Before pliés and tendus get underway in Augusta Moore’s Saturday morning ballet class at ODC School in San Francisco, students loosen their spines and pelvises and start a class-long process of experimentation. “Your body is a laboratory,” says Moore, who integrates concepts of Feldenkrais, a methodology based on the teachings of Moshé Feldenkrais, into her ballet classes.
Long-legged and lean with close-cropped curls and the hint of a Midwestern twang, Moore leads the class with her black Chihuahua snuggled in a pouch on her chest. She asks students to consider the choices they make in each exercise. “What would this tendu combination look like if you didn’t have arms and legs?” she asks, and suddenly torsos twist and extend in completely different ways. “All the people looking like wild
alligators—fantastic!” she cries.
Moore, who worked with anatomy teacher Annette Atwood and later became a Feldenkrais practitioner, teaches a Feldenkrais class before her Saturday ballet class. Students work on the floor, doing gentle movements designed to encourage recognition of movement habits and experimentation with new ways of moving. “When you hold on to a habit, it interferes with everything,” she says. “You’ll carry this alignment problem into different things in your life, whether it’s a grand jeté or going on a date.”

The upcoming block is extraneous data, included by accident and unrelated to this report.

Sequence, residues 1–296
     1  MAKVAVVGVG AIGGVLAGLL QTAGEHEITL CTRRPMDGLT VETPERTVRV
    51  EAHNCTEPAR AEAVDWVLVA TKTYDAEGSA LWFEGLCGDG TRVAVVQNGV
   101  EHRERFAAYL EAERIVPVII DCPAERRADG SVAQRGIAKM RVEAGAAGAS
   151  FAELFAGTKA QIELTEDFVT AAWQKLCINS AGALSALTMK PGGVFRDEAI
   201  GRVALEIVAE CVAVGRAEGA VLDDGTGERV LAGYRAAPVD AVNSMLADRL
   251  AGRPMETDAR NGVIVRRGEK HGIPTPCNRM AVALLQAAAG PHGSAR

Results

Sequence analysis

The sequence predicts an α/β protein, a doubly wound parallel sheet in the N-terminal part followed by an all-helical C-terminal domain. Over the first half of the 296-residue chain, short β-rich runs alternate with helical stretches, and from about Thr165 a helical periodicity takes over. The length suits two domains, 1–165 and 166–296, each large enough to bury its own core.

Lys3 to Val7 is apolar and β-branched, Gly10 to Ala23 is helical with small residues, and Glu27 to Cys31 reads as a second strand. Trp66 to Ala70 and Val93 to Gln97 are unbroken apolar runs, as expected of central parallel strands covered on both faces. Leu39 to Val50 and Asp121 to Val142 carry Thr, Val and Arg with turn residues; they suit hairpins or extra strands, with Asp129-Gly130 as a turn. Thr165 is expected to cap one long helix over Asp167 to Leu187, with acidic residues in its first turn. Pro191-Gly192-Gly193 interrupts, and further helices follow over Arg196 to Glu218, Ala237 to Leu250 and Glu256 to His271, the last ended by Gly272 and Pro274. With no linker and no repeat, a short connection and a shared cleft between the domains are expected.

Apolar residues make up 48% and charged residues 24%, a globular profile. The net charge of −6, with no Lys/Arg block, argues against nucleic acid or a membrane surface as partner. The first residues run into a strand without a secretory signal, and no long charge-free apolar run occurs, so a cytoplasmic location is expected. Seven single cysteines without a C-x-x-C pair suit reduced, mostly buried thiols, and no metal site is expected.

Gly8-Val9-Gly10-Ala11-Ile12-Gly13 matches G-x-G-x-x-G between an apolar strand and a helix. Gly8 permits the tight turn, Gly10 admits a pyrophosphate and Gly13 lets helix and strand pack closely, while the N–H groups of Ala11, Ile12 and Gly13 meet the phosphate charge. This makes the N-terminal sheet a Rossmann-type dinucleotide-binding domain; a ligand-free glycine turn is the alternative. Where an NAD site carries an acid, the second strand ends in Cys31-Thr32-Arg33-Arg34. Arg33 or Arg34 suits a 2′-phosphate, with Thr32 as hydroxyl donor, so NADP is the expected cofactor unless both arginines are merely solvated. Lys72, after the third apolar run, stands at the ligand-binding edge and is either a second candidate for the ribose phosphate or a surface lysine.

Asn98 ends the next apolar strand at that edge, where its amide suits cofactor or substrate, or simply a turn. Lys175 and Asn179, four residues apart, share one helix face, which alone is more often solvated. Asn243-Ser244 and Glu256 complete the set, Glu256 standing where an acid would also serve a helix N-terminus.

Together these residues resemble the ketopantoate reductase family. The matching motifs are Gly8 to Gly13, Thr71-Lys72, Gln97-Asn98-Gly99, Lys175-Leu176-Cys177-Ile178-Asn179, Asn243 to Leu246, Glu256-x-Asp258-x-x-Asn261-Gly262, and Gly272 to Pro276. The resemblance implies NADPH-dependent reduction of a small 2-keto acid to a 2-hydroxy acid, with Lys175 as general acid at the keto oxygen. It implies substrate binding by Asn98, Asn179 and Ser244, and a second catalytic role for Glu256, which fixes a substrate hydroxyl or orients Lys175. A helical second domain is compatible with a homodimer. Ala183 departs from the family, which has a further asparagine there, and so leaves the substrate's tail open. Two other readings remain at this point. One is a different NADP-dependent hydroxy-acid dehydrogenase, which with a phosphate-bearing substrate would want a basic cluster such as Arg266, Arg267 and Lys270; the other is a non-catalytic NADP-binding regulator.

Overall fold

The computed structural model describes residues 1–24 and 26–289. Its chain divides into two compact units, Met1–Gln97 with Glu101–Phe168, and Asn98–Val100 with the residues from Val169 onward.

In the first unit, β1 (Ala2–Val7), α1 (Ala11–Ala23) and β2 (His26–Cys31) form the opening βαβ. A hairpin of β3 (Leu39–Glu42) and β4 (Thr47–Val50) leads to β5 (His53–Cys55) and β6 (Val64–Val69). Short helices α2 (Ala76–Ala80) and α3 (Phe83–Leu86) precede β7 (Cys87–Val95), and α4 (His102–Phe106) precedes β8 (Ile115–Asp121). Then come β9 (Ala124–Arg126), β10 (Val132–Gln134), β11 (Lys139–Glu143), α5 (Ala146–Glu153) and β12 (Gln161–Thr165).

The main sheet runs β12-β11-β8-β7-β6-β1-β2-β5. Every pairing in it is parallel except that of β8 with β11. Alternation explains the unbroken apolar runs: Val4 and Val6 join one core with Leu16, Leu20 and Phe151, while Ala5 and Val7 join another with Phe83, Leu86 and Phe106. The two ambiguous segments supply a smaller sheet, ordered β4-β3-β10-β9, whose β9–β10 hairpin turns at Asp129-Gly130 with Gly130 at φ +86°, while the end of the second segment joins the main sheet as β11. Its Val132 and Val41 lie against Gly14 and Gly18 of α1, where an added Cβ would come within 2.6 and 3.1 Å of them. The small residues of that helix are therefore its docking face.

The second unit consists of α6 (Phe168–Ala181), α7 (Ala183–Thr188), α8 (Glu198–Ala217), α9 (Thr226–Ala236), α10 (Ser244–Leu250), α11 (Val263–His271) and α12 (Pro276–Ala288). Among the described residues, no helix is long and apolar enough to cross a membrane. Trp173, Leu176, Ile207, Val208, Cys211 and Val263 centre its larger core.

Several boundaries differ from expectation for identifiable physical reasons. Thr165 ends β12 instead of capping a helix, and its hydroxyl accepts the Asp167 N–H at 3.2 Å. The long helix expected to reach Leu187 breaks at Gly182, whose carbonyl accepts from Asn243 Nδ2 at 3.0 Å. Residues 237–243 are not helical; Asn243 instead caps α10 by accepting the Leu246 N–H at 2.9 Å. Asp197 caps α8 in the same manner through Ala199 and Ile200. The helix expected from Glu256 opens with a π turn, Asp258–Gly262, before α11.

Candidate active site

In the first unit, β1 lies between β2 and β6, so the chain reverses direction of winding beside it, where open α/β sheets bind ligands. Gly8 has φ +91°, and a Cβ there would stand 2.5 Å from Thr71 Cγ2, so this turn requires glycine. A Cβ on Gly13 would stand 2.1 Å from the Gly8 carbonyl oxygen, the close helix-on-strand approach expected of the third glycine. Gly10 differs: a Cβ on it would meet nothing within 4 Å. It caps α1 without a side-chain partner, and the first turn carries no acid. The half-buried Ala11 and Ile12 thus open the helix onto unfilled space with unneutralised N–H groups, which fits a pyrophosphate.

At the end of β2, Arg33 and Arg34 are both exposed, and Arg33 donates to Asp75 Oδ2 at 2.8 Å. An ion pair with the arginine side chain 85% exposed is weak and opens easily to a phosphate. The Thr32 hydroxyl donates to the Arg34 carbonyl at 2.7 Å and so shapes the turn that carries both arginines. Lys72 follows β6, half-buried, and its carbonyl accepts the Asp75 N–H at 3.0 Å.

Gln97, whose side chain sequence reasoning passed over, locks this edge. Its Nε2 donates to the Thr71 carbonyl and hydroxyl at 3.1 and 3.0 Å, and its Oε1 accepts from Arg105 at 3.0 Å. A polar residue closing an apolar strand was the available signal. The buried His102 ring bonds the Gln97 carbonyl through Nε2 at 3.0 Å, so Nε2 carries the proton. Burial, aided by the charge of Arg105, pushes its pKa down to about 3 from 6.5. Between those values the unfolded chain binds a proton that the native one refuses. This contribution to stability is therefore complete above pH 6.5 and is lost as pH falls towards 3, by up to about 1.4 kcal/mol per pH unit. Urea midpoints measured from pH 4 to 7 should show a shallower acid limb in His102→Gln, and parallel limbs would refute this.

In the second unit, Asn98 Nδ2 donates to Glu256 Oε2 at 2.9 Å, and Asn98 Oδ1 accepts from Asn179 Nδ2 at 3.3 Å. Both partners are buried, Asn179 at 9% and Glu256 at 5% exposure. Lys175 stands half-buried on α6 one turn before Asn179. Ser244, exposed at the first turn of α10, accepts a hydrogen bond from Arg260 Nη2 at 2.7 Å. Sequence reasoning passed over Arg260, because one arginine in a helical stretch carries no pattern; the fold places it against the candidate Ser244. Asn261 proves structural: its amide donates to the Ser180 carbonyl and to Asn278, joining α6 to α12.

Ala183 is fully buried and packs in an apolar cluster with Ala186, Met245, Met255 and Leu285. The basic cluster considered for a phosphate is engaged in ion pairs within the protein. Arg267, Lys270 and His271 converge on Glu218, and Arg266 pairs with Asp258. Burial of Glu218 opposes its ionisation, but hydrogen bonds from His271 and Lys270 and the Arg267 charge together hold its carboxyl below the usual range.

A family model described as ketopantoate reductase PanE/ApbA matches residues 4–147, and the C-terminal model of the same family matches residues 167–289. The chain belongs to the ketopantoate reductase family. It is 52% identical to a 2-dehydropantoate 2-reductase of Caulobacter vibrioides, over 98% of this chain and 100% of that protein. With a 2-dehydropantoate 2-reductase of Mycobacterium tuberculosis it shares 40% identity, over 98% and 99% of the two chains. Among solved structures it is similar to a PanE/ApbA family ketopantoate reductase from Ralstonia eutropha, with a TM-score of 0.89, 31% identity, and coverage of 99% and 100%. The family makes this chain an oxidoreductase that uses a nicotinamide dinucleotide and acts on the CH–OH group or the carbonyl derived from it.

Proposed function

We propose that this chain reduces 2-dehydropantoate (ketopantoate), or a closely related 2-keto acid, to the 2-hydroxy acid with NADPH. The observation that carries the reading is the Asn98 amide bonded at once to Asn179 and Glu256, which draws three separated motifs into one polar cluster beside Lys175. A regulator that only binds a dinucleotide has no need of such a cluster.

Her ballet class is a rigorous and thoughtful progression of classical combinations, infused by the ideas she has just explored in Feldenkrais class. Throughout the class, she considers different aspects of a specific area of the body (in this class the ribs). She wonders during the barre how it would feel to choose to be grounded in one rib and reach through another, and later in the class she challenges students to explore how willing they are to move the ribs in chaîné turns.
Moore is understanding and supportive of students as they try physical and mental adjustments. “It’s a huge risk to do what you don’t usually do,” she says. And yet the rewards can be tremendous. “If you can change your idea of yourself, you can change anything,” she says. “And that’s my job as a teacher, to be able to imagine the student at their best.” —Caitlin Sims